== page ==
Dorey captures Mammoth Grand Prix 

Sports briefs: Seger, Swette takes slalom silvers

click to enlarge FILE PHOTO COURTESY OF THE CANADIAN OLYMPIC COMMITTEE - going upJustin Dorey took gold in the halfpipe at the Mammoth Grand Prix in California based on his qualifying time after the finals were cancelled due to poor weather.
  • File photo courtesy of the Canadian Olympic Committee
  • going upJustin Dorey took gold in the halfpipe at the Mammoth Grand Prix in California based on his qualifying time after the finals were cancelled due to poor weather.

Doing well in qualifying can help athletes hit the podium.

In Justin Dorey's case, it was directly responsible.

The Whistler resident took home gold from the Mammoth Grand Prix halfpipe event after organizers decided to cancel the finals on Feb. 6, meaning Dorey's leading score of 91.00 from the Feb. 4 qualifiers stood up as the winning result. He was the lone competitor to break 90, with his eight tricks, including a shiny new bone air 540, helping him to the strong showing.

"Going in to qualifiers I knew there was a chance that there wouldn't be finals," Dorey said in a release. "We looked at the weather forecast and we knew it would be very windy. It definitely changed the way I approached qualifiers to the way I usually would. The conditions were still extremely windy and sketchy. I just did the best run I possibly could and it worked out."

Squamish resident Mike Riddle placed fourth with an 84.00 score and Whistler's Simon d'Artois' tally of 77.20 stood up for ninth.

As for the ladies, Whistler resident Cassie Sharpe was the only Canadian to take part. She was less than a point off the podium with her score of 81.80.

"Cassie skied well on Wednesday," head coach Trennon Paynter said in the release. "Missing the podium by just a very small margin is a little tough. Fourth is still certainly a great result. I'm sure both her and Mike (Riddle) wanted to get on the podium and were a little disappointed to just barely miss it. But they should be happy with how well they skied."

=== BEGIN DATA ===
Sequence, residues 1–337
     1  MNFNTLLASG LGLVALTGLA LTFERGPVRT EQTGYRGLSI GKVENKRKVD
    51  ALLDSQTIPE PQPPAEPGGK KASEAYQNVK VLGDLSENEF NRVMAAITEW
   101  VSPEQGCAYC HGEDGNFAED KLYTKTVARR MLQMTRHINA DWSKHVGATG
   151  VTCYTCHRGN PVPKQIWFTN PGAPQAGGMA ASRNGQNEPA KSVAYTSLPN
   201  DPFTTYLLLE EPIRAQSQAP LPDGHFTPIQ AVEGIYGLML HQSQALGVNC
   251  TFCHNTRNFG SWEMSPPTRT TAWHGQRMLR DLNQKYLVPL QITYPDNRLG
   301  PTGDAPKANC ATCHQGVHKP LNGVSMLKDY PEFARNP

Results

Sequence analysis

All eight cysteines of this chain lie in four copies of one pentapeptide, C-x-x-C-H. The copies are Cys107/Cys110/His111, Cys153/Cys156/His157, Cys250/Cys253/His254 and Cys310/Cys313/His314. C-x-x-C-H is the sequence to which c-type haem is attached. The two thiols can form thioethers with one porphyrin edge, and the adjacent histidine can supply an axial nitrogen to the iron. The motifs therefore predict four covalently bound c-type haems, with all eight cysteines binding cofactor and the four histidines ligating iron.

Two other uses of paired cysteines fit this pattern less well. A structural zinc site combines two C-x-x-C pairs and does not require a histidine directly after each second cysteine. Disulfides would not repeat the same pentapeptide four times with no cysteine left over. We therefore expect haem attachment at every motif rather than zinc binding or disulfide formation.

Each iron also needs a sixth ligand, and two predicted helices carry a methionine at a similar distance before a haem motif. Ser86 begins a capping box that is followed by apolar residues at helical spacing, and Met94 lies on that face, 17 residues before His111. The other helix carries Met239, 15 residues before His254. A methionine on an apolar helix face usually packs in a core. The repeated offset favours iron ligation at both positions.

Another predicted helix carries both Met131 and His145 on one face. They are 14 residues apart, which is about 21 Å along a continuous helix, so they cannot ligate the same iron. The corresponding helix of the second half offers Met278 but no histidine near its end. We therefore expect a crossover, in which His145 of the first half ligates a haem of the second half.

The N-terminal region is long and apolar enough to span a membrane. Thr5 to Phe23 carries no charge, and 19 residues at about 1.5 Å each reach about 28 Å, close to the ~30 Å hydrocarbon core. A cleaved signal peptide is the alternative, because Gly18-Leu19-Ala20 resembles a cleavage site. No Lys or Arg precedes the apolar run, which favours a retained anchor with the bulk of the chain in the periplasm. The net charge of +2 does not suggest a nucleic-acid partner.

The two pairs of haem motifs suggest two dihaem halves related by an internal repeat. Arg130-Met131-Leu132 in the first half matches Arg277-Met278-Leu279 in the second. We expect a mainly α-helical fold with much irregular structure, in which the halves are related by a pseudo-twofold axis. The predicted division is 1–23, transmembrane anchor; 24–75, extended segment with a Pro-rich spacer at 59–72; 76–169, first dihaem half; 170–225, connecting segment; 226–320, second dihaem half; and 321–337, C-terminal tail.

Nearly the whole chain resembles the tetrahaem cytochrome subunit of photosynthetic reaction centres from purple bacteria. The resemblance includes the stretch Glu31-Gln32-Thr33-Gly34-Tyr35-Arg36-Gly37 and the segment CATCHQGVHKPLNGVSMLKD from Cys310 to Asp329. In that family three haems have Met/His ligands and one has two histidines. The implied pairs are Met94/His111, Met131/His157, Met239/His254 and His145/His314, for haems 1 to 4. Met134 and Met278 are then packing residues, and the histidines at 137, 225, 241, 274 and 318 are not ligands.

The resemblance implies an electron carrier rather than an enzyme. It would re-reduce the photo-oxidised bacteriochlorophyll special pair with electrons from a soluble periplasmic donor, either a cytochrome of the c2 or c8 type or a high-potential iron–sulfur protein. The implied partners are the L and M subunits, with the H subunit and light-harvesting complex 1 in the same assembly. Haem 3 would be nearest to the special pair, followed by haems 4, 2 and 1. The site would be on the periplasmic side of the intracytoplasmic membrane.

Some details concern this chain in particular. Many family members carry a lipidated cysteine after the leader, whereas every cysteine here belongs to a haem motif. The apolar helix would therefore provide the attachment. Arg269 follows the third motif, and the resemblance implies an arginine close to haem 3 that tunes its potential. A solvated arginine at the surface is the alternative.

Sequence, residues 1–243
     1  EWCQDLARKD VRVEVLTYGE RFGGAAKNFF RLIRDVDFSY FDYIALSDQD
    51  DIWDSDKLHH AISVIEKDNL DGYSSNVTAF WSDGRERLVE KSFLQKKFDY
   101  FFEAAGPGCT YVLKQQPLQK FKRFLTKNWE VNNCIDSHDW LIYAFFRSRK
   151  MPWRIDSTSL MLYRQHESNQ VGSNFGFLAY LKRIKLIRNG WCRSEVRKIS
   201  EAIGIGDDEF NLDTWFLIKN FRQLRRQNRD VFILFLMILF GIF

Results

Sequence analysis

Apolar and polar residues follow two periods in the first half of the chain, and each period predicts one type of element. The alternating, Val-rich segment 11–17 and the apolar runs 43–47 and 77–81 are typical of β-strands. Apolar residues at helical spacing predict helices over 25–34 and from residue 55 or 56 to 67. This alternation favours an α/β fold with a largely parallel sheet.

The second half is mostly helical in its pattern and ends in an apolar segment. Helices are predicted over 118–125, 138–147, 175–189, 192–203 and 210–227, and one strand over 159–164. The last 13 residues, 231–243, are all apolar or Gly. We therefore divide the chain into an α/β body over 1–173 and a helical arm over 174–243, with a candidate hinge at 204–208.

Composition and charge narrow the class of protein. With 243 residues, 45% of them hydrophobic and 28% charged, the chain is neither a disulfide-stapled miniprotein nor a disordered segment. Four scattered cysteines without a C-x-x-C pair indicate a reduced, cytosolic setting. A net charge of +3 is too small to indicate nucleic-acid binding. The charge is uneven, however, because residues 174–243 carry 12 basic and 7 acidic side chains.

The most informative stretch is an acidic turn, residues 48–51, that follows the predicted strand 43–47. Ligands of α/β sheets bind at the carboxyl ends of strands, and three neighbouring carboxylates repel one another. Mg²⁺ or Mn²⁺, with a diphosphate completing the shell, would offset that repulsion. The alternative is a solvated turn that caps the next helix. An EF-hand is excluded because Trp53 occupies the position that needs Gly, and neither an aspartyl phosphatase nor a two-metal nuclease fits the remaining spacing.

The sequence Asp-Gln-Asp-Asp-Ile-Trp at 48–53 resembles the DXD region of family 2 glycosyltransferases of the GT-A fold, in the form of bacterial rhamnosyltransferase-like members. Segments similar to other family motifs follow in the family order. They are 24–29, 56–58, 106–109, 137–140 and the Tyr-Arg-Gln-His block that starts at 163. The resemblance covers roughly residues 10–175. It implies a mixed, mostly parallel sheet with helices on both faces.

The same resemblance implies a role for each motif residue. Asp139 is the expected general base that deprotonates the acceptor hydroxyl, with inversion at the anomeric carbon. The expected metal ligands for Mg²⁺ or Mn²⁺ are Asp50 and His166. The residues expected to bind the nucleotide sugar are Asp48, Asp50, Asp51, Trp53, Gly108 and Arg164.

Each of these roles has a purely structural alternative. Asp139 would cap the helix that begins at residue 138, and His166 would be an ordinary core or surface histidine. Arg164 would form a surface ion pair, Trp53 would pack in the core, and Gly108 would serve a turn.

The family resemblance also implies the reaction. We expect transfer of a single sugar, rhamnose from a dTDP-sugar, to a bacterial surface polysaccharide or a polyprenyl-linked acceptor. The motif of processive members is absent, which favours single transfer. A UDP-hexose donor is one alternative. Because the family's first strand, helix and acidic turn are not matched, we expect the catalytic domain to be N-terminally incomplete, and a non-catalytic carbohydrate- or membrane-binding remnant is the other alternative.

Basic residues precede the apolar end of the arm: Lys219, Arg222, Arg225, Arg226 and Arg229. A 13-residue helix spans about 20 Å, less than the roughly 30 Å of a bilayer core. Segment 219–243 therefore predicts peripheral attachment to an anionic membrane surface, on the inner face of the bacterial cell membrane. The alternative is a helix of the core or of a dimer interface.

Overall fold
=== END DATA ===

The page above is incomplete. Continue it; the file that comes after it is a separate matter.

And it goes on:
WMSC silvers in Kimberley

Whistler Mountain Ski Club's Riley Seger nabbed a silver in Keurig FIS Super Series action at Kimberley Alpine Resort on Feb.9.

Seger scored the second-place showing in the slalom event, and finished as the top U18 athlete in the race, putting up a combined time of one minute, 49.49 seconds (1:49.49), while winner Dominic Unterberger was nearly a second quicker at 1:48.65.

Teammate Max Peiffer was fifth overall and the third U18 skier with a time of 1:52.69.

Two nights earlier, Ford Swette scored silver during the night slalom event, as he finished 0.2 seconds behind Unterberger after posting a 1:51.70. Peiffer was again fifth overall, Seger was eighth, and Kyle Yates was ninth.

On the ladies' side, WMSC's Rae Swette was the only local to make the top 10, finishing fifth overall and third in the U21 category. Her time of 1:50.63 placed her nearly three seconds back of winner Antonia Wearmouth's 1:47.91.

Swette was just off the podium in the night slalom event, taking fourth with a time of 1:59.69, placing her back of Amelia Smart's winning time of 1:56.47.

Racing continues until Feb. 13.

Cook claims silver, becomes final Canadian Cowboy

Alpine skier Dustin Cook enshrined himself in an exclusive club.

With a silver-medal showing in super-G at the FIS World Ski Championships at Vail/Beaver Creek, Colo. on Feb. 5, Cook was offered the eighth and final Canadian Cowboys buckle to join a group that includes former Whistler Mountain Ski Club competitors Mike Janyk and Manuel Osborne-Paradis.

Cook's time of one minute, 15.79 seconds (1:15.79) was just 0.11 seconds off of Austrian Hannes Reichelt's winning pace.

"I'm feeling pretty damn good right now," Cook said in a release. "A lot of things went right. It was just good, solid skiing like I have been doing for the past few weeks, without any mistakes."

Cook's silver foreshadowed another for the Canadian squad, as Canucks captured second place in the team event on Feb. 10.

The Canadians entered the event ranked 10th, but knocked off the No. 7 Germans, No. 2 Italians and No. 6 Swedes before falling to the top-ranked Austrians, the defending champions, in the final.


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